Fetal Pig

Over the course of the week I was doing research on the three different layered sutures that I will need to know in order to successfully suture the fetal pig. I didn’t have any luck in my research because I couldn’t find out if the three different layers required different sutures or if they were all the same. So I guess it’s good that the pig is already dead because then I won’t accidentally kill it!

Ted Talk

For my most recent update on my genius hour project; I am choosing to tell you my plan for my final Ted Talk presentation. For our presentations we are supposed to have some sort of way to show all of the progress that we have made throughout this experience. Next week I will be stitching up a fetal pig as my final major activity. So for my presentation I am going to show a picture of the very first banana that I ever performed sutures on and then some pictures of the fetal pig and the three layers of skin that I would have had to stitch together. I am very confident that this will exceed the expectations of showing my progress. Also I will have a PowerPoint to go along with this that will help me explain all of the sutures and techniques that I used to help me.  Earlier in the week I performed a basic interrupted suture that has been hard for me because you are supposed to have a helper to keep the sutures tight and I didn’t have one so it took me a couple tries to get the surgical knot tied at the right tension without ripping the banana peel. Luckily I was successful when I did it by myself so I cut out that part of the banana peel to save and keep for the final Ted Talk but I realized that there was no way that the banana would last that long without getting soggy and ruining the suture. So I am going to try again later towards my presentation date and see if I have better luck salvaging the peel.

New Ideas

I’m trying to think of some new things that I can try instead of doing the same thing every week. I always do the same suture on a banana. I’ve done some research and I think the next step for me is to cut a section of a pool noodle and practice on that because that way it would have a tougher material that wouldn’t rip as easily and also I could have more luck I think when it comes to pulling the edges together without the material bunching up or ripping apart. At the end of this month I will be stitching up a fetal pig so I want to be extra prepared for that when the time comes. In order to do that I believe that I should practice multiple different sutures on different materials. I will need to find a good quality video that takes me through the steps of a harder suture that will prepare me for the final product.

Getting Better

I’ve been practicing my surgical sutures during the provided genius hour time slots and that is going well because almost every week I have practiced stitches on a banana or an orange. I’m getting better compared to the first time I ever did a suture before. I am still having a hard time getting the spacing right without there being too much tension on the sutures. Other times, if I put enough space in between from the incision and the suture then I would have a tough time bringing the edges of the incision together without tearing the banana peel. I am going to do some extra research to find out some tips on how to keep the incision together without too much pressure being on the skin and without damaging the stitch itself.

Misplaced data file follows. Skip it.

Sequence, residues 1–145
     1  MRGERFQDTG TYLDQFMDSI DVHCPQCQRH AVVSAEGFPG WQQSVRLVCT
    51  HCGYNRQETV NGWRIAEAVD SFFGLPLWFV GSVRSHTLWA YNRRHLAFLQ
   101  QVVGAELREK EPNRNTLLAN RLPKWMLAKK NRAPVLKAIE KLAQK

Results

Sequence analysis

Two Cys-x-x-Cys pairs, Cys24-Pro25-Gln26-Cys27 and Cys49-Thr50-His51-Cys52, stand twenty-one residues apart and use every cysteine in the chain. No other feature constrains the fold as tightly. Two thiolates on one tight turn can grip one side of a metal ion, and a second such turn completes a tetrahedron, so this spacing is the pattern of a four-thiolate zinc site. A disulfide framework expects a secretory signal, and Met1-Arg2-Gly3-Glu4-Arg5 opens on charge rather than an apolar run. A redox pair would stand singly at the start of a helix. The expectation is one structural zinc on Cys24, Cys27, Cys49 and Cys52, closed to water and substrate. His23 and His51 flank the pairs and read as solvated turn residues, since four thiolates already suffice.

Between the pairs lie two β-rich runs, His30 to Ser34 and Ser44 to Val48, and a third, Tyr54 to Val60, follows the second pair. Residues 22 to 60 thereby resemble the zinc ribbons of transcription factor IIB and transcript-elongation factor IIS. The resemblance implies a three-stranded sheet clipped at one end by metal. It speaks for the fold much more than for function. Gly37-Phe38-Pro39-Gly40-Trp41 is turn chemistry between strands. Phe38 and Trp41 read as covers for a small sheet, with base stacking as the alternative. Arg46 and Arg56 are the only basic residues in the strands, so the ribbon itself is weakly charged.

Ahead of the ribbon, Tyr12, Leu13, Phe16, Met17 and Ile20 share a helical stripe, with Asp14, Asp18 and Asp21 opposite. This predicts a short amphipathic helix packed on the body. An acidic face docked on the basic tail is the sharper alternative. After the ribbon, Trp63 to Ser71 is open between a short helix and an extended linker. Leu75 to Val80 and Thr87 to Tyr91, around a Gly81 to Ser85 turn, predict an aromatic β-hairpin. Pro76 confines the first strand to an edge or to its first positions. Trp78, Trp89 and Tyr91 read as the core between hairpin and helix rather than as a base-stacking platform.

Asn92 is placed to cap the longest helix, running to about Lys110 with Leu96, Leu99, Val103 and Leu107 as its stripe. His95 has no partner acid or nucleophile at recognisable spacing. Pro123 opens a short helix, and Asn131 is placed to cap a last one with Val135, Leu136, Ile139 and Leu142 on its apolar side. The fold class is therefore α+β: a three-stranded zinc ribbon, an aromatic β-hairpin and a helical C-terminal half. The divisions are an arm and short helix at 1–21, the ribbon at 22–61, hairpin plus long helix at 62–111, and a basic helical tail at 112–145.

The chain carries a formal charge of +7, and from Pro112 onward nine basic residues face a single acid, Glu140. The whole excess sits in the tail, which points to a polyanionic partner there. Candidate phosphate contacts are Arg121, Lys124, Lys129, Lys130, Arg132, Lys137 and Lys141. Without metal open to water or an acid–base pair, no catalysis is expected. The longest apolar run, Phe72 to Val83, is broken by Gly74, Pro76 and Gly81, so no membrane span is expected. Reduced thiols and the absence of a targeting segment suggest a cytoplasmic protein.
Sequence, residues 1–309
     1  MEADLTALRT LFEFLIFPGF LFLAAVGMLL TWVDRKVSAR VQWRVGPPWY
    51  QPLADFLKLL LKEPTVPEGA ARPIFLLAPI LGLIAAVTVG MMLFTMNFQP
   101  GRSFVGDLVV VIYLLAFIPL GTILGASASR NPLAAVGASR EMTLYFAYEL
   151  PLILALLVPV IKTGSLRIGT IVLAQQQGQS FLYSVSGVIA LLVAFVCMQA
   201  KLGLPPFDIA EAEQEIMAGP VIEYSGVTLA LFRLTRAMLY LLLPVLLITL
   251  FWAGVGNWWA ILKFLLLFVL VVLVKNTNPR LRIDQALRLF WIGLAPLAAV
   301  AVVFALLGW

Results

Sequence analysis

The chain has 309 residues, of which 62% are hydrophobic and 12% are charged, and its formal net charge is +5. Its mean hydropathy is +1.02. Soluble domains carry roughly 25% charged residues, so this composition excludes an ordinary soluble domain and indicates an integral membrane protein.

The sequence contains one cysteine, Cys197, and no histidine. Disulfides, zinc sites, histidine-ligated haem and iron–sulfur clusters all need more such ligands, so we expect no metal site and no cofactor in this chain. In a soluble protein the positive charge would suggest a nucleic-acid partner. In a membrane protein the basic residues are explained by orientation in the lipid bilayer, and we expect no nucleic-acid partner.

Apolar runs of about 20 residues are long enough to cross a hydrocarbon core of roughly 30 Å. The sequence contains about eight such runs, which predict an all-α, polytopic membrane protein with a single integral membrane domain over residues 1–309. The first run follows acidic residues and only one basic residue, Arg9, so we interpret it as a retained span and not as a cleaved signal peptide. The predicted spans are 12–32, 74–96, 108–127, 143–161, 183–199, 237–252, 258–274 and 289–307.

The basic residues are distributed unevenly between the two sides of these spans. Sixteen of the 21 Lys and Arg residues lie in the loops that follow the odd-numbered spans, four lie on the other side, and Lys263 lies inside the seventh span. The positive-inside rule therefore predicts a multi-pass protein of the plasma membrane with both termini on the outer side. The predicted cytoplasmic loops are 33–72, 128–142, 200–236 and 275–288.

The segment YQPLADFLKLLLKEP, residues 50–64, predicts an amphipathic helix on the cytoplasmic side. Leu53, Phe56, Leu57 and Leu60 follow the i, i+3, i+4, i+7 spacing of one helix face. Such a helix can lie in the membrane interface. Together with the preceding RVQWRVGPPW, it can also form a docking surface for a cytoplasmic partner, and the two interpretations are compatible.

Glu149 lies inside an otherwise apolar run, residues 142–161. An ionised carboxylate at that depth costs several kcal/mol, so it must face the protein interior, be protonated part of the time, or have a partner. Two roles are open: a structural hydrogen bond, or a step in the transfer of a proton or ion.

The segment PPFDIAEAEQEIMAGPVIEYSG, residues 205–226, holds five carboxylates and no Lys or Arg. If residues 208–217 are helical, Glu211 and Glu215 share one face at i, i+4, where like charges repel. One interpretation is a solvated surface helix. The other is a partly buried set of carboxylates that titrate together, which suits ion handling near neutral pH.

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Orange peel fail

So that orange peel idea that I had, totally failed! When I started at the top I could not for the life of me remember the video that I watched like five times the day before. I had absolutely no idea how to tie the surgical knot which was the hardest part and at the beginning, so I was stressing over that the whole hour and finally I moved on the the actual stitch. That was even worse… My spacing from the  incision was WAY off and they are all facing different directions… My oh my, I have a lot of work to do.image

First try

I actually took my advice and started out with a sewing needle for my first try. The very first one looks like crap but the second time I tried, it looked like an actual surgical suture. I’m thinking that the next step in this process is peeling an orange all in one peel and then stitching that together in its original shape. That will be very hard but I think I can do it! imageimage

Nothing New

I found this incredible blog on surgical sutures and it gives me great videos that I have been looking for! I haven’t made much progress on my project because I still have not found a way to get the materials that I need in order to do anything. I thought of something that I could try, I am going to try to use regular sewing thread and sewing needles to try on the banana for the first time and see if I can do anything what so ever. If that works out then I’m going to continue to do that until I can get the proper tools. If that happens to not work then I need to get myself together and find a way to get the things that I need ASAP. Right now I am focusing on how far apart to make the sutures and the amount of space should be between the edge of the wound and the stitch.